Description: xml2rfc is becoming increasingly popular as a way to produce Internet
Drafts (and RFCs). This tutorial will introduce the markup language
used in xml2rfc and describe a selection of the tools (both free and
paid for) that can be used to create the marked up text and turn it into
the finished document in normative ASCII, HTML for more elegant web
usage or nroff as used for the RFC masters. The tutorial will start
with a very brief introduction to XML markup for complete novices and
will cover the usage of the 'processing instructions' that are available
to control the appearance of the final document. The set of elements
used in xml2rfc has been deliberately kept very small so that it is very
easy to learn basic usage of the language. As a result there isn't
always an obvious way to achieve certain effects so a number of useful
'tricks and tips' will be covered that provide the 'cliche' needed as
solutions to Frequently Asked Questions and highlight some of the
pitfalls so that editors can avoid having to tear out their hair just
before draft deadline time. Using xml2rfc relieves draft editors of the
need to think about the overhead of getting the boilerplate and overall
format right, and provides automated bibliographies that reduce the pain
of generating references to existing drafts, RFCs and some other
standard document series. The RFC Editor is increasingly using xml2rfc
as a way to generate the source of the published RFC so that providing
xml2rfc source can help reduce the turnround time when a draft is being
converted into an RFC.
Description: Presenting at the IETF is different than most other venues. The combination of language differences, deeply technical topics, and varying goals makes for a unique challenge. In this presentation, we will describe some simple tips to help your IETF presentation be as effective as possible.
Description:This tutorial will cover NroffEdit and xml2rfc, two popular ways to produce Internet-Drafts. NroffEdit is a WYSIWYG nroff editor that comes with a template for quick creation of an Internet-Draft. We will cover the essential NROFF commands and demo the tool. For xml2rfc, the tutorial will include a brief introduction to XML for novices and will cover the usage of the 'processing instructions' that are available to control the appearance of the final document. Using xml2rfc relieves draft authors of the need to think about getting the boilerplate and overall format right, and provides citation libraries that reduce the pain of generating references to I-Ds, RFCs, and other document series.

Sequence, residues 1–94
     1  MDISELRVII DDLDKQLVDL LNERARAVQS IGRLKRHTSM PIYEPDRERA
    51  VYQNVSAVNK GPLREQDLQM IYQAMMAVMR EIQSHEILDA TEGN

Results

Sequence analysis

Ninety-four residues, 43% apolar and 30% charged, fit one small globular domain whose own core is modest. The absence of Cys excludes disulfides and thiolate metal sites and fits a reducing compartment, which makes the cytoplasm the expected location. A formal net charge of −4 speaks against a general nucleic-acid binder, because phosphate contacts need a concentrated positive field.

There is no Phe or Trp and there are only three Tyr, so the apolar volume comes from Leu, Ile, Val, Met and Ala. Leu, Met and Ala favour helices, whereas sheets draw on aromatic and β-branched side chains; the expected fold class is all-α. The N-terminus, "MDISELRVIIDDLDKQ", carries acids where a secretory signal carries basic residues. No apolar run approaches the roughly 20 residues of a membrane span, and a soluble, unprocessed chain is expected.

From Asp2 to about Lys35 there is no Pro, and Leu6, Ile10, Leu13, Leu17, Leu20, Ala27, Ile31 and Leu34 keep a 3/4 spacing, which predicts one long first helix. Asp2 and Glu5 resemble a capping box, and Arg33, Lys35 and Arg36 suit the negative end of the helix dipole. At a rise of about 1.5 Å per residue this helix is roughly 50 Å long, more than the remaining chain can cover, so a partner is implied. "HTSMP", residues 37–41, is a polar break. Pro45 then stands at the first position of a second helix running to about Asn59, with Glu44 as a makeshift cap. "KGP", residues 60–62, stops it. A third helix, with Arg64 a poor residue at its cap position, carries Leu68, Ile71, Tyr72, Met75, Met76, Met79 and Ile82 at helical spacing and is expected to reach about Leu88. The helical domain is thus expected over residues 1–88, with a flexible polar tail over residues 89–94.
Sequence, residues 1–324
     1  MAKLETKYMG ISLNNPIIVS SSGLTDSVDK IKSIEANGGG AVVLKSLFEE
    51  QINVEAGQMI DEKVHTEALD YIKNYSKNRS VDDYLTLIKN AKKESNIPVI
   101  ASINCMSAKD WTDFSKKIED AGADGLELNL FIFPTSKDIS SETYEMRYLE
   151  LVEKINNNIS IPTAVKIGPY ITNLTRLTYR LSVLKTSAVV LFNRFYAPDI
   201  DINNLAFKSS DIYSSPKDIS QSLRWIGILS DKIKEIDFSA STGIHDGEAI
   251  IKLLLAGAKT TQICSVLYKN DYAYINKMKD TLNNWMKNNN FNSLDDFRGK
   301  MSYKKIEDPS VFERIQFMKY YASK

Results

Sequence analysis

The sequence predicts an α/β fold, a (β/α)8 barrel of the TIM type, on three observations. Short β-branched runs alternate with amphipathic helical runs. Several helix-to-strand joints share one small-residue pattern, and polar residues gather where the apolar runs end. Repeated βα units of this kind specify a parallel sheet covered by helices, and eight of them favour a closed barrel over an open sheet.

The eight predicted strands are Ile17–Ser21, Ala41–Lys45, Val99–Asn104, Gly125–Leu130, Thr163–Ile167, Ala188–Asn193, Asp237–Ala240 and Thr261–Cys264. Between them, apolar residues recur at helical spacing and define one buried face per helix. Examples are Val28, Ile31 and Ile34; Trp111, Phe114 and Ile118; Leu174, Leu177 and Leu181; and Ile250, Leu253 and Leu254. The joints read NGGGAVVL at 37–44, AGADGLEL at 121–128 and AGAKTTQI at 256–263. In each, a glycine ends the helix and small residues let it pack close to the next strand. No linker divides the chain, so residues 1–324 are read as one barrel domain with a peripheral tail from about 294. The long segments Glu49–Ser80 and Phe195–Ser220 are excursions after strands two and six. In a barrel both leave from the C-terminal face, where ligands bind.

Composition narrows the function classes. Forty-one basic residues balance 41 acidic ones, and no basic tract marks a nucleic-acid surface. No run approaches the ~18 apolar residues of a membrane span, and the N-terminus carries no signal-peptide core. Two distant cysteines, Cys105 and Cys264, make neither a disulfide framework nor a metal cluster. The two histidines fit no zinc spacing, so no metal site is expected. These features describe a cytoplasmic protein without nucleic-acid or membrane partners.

Description: The following videos provide introductions to a number of aspects of IETF history, structure and operations. Much of the material originated in the Newcomers Training presented the Sunday before every IETF meeting. Scott Bradner, who revised and presented this tutorial at the IETF for many years produced these videos for his Harvard University Extension School class CSCI E-45A The Cyber World: Hardware, Software, Networks, Security, and Management. Scott and co-instructor Benoit Gaucherin present this course along with its companion course CSCI E-45B The Cyber World: Governance, Threats, Conflict, Privacy, Identity, and Commerce annually. The Harvard Extension School graciously agreed to close caption the videos and let the IETF make them available for general viewing.
Description: This session offers an introduction to IETF WG roles and processes for current or aspiring WG chairs, document editors and technical leaders.
Last time presented: Dallas, TX at IETF 92 Link to slides:WG Leadership Tutorial
Writing RFCs and I-Ds in markdown and a bit of YAML
Description: Writing I-Ds has traditionally involved some finicky Word templating
or typing up hard-to-use (and read!) XML. Recently, it has become more
popular in a wide range of communities to write text in the
plaintext-like "markdown" format. Tools have emerged in the IETF that
allow writing I-Ds in markdown, automatically converting into the XML
format accepted by the RFC editor (and performing a number of chores in
the process that used to be manual work).
We'll look at what's available and then focus on the
"kramdown" set of tools, which enhances markdown with a bit of
structured YAML for the management of references. We'll also look at
popular workflows that minimize manual work while optimizing
collaboration with co-editors and contributors. Bring a laptop with a
current version of the programming language Ruby (≥ 1.9) -- we'll do
some exercises, and hands-on questions are welcome!
Last time presented: Dallas, TX, USA at IETF 92 Link to slides:Writing RFCs and I-Ds in markdown and a bit of YAML